As I lay on the kitchen floor—my body rocking with sobs, my mouth telling my husband, "I hate my life"—it never occurred to me to pick up the phone and call a friend. To tell someone that the life I was living, in which rug after rug kept getting pulled out from under me over the past few years—my parents divorced, my husband's business tanked, our debt rose, health issues loomed, and our marriage sagged under the weight of it all—was nothing as it was supposed to be.

In fact, I was mortified when my husband rounded the bend and saw me there. Crying and hurting is something I do best alone.

So I was surprised to find Amy Dickinson write this in her 2010 memoir of life as a single mom, The Mighty Queens of Freeville: "I wanted two things when I first learned that my marriage was ending. First, I wanted it not to end. And second, I wanted for others to share a complete and interior knowledge of my heartbreak, followed by demonstrable grief."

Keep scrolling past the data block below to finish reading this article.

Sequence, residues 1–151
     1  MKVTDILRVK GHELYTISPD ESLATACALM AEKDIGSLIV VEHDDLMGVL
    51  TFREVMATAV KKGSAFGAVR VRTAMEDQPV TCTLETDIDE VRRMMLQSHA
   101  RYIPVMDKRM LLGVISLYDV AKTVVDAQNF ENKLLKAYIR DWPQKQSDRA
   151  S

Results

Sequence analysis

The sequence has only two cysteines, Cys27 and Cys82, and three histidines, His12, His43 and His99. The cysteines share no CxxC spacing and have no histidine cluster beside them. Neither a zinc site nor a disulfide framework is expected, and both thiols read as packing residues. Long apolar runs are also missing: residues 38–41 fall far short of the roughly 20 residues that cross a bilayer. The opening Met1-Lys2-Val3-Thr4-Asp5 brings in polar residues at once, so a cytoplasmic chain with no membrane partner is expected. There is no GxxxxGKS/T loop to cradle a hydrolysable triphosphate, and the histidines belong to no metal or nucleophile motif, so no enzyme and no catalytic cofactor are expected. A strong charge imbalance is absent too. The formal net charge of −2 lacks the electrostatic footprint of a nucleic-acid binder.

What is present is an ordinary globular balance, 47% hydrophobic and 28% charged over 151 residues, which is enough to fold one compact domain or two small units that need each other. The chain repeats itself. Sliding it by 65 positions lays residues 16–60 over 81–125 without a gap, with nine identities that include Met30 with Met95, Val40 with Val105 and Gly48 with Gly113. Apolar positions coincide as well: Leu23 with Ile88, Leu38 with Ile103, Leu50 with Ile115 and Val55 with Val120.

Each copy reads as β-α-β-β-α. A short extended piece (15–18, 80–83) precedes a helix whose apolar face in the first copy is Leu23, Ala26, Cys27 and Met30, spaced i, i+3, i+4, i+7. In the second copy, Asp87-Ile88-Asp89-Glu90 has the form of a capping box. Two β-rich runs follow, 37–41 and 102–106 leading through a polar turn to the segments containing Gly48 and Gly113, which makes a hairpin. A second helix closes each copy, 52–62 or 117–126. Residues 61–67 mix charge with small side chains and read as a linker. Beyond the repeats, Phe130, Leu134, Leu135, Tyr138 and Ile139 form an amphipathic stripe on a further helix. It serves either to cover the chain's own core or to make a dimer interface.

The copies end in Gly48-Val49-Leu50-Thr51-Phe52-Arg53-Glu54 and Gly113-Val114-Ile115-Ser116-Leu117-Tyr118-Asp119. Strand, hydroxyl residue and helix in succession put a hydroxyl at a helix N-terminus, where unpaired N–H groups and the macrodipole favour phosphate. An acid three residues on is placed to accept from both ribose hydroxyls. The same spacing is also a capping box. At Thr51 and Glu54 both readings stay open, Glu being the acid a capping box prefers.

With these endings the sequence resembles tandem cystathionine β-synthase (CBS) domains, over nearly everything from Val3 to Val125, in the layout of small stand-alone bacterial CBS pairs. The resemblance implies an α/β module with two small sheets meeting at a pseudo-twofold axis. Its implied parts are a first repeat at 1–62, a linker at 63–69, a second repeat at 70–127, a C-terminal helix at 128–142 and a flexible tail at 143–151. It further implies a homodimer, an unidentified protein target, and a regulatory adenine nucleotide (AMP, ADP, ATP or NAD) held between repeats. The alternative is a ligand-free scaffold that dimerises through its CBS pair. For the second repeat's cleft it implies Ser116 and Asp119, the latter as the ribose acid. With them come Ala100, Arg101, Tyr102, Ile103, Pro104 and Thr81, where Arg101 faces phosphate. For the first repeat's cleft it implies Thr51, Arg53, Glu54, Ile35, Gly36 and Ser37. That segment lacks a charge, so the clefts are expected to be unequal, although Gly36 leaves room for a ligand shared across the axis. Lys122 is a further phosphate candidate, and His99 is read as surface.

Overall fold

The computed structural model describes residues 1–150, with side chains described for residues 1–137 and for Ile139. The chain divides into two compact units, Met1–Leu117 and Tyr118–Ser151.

Is that true? I wondered. Are there people whose first inclination amid heartbreak is to tell others? In person?

Even though my heartbreak and disappointment were quite different than hers (my marriage, for example, was not ending) I couldn't imagine wanting to tell a soul.

And yet, Dickinson—a.k.a. "Ask Amy," the syndicated columnist who filled Ann Landers's wise shoes—laments that she could not share her grief. "While there might be tiny streets tucked away somewhere in London where this sort of behavior is both possible and tolerated," she writes, "they remain like Diagon Alley in the Harry Potter novels: attended by witches and warlocks and mysteriously hidden from view for the rest of us."

Though I've never lived in London, I believe my middle America ...

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